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Collaborative research identifies a new class of materials for lithium ion batteries

You need to make an important phone call. You’re nowhere near an electrical outlet and your phone shuts down due to a critically low battery. If this sounds at all familiar, you are not alone.  In fact, poor battery life is the top complaint about smartphones these days. Moore’s law predicts that the number of transistors in a dense integrated circuit doubles approximately every two years, which essentially means that our smartphones are becoming more and more powerful at an incredible speed. Unfortunately, virtually nothing has changed for the batteries that power our smartphones.

The poor battery life is, indeed, a materials problem. The materials we use for the battery cannot hold enough energy. Materials scientists and engineers have fought hard to search for new battery materials, but with limited success.

Recently, Dr. Ying Ma and his research group of undergraduate collaborators, together with two experimental groups at Indiana University–Purdue University Indianapolis and the University of Oregon, have identified a new class of materials for lithium ion batteries: Bis(aryl) Tetrasulfides. These organic molecules consist of a linear chain of four sulfur atoms that store two to three times more energy as compared to the battery materials we are using today. Furthermore, these materials are cheap and environmental friendly! This research appears in a recent issue of Chemistry, A European Journal.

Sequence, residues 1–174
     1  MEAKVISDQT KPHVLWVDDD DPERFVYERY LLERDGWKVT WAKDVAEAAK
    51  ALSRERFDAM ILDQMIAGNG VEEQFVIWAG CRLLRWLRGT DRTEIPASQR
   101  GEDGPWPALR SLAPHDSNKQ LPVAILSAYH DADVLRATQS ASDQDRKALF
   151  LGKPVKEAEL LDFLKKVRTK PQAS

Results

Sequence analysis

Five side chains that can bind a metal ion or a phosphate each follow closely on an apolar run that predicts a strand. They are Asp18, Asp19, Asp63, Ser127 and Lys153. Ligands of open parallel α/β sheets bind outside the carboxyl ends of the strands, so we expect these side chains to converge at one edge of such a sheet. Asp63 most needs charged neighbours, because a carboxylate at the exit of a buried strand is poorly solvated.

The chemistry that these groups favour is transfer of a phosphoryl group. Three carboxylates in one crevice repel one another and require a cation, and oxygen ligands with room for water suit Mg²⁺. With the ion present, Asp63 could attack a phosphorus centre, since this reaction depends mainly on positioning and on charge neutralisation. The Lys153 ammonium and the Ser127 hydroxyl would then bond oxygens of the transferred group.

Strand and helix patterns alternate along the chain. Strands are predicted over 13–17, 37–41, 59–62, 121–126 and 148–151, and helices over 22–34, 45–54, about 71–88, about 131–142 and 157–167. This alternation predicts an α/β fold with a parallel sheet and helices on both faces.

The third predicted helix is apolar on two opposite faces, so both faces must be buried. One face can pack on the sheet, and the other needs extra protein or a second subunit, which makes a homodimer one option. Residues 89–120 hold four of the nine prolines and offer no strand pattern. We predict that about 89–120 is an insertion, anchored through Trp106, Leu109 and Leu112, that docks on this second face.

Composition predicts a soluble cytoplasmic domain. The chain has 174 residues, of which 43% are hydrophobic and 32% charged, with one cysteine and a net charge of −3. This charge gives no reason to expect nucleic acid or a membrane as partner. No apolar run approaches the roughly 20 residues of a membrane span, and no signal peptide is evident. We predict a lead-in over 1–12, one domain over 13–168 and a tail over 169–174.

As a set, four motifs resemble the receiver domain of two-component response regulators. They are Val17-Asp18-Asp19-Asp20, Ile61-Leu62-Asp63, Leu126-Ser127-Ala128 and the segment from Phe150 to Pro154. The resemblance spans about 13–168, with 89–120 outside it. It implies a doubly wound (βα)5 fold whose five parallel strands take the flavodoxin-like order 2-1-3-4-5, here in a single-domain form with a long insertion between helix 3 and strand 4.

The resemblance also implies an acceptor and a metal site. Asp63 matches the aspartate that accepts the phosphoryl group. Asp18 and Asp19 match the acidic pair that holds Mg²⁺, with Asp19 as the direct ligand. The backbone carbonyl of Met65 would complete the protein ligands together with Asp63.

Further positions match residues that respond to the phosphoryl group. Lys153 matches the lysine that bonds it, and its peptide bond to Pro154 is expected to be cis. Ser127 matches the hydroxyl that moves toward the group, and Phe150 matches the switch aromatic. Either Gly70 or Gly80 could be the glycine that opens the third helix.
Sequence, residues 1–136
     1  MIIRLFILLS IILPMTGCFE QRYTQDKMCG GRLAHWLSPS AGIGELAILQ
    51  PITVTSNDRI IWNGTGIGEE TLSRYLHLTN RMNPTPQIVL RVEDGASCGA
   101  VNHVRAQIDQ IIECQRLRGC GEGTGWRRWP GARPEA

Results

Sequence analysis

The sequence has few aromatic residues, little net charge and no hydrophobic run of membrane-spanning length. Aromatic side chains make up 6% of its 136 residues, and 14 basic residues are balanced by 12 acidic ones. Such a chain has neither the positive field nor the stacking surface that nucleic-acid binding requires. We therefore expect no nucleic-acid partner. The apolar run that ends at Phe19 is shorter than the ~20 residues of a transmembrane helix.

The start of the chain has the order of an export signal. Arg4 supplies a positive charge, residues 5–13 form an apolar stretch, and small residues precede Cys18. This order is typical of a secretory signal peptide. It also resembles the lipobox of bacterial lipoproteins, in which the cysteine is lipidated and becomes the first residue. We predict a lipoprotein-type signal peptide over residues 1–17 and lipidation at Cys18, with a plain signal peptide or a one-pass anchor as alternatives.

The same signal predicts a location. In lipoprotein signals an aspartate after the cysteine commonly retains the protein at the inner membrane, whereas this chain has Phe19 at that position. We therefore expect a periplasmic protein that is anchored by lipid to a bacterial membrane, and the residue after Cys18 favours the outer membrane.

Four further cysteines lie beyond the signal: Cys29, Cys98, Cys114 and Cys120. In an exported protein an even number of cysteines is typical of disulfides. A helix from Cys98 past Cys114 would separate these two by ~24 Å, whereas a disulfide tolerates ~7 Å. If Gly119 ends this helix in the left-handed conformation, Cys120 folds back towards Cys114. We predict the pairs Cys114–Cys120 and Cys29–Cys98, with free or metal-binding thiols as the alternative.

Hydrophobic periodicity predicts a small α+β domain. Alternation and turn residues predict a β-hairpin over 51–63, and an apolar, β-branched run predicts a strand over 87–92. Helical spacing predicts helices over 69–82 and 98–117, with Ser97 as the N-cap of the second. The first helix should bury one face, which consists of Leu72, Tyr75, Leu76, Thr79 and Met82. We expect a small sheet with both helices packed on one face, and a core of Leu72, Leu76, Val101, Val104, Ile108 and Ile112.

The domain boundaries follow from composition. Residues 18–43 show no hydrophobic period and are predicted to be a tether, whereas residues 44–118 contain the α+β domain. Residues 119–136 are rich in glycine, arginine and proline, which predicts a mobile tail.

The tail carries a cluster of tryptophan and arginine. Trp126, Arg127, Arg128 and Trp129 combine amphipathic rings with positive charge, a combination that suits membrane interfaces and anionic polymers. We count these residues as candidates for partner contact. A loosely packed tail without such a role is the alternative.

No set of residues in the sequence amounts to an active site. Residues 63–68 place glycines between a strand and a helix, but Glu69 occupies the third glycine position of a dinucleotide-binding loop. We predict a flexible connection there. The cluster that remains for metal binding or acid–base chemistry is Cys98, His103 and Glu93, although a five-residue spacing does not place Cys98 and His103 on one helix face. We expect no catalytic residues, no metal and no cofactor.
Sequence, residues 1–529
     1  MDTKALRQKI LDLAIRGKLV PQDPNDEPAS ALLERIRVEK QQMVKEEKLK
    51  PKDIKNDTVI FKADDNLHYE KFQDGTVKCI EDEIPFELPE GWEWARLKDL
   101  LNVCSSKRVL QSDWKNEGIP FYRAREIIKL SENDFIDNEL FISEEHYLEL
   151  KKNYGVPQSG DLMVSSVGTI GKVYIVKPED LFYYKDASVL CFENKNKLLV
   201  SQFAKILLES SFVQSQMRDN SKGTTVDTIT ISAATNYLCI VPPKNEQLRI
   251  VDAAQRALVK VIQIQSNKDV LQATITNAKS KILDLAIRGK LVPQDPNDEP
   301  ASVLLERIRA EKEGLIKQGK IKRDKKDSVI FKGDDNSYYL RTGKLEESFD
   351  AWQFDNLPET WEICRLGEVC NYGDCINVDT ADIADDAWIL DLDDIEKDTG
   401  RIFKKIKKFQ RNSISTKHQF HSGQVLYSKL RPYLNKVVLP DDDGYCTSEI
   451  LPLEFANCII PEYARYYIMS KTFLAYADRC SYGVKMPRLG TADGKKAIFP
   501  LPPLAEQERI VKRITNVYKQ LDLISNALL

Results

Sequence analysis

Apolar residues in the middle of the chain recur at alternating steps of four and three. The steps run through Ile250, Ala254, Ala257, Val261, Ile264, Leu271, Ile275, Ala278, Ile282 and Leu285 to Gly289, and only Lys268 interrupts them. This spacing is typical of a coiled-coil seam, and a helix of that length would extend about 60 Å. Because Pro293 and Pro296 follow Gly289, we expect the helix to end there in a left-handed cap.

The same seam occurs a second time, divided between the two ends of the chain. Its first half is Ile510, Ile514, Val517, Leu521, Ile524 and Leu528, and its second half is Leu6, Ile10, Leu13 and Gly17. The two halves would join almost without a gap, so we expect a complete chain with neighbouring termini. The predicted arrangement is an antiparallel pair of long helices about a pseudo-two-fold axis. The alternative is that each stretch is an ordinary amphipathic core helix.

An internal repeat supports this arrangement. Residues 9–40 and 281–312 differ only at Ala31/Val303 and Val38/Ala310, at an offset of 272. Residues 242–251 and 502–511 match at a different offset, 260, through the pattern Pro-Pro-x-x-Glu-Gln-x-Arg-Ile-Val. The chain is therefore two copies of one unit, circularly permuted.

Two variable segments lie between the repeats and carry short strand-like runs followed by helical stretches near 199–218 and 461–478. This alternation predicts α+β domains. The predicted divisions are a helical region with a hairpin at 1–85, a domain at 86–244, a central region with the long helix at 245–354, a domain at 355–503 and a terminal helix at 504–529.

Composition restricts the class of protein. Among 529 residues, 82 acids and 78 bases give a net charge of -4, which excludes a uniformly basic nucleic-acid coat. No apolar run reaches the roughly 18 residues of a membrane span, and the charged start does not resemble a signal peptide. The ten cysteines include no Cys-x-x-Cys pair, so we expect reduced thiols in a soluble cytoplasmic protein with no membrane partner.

“This project is a perfect example of a collaborative research where scientists with different expertise work together to achieve a common goal. Such a collaboration also provides our students with a unique experience to see how computational techniques are used to address real-world challenges.” said Dr. Ma, whose group focused on revealing the behaviors of those molecules during the energy storage process using computational tools.

Zachary Wawrzyniakowski, a 2017 UWEC graduate who performed most of the calculations for the project and is the second author of the paper, said: “It was very interesting to be doing research in a place where experimental and computational research meet. To be given a problem that comes from the lab, and told to use the computer to simulate what is actually happening at an atomic level is not something I ever thought I would be doing. I got a lot out of my experience.” Zach is now studying intellectual property law at Illinois Institute of Technology, and he hopes that someday he can help to protect the intellectual property of new energy technologies, just like the one he had worked on.

Zach is not the only Blugold involved in the project. Joe Ackerson, who is currently a Materials Science senior, screened many more new molecules using computational tools. “This has been a great opportunity to be a part of this research. Not only am I gaining experience in computational research, but also to add my own findings to the current problem is very rewarding. I hope that my contribution to the project can get us one step closer to a better battery.” Joe said.

Dr. Ma is very optimistic about these organic molecules. He said: “I believe Bis(aryl) Tetrasulfides is only a start. It really opened the door to a new class of materials. We will continue to search for the best possible materials for lithium ion batteries.”

For more information, please contact Dr. Ying Ma.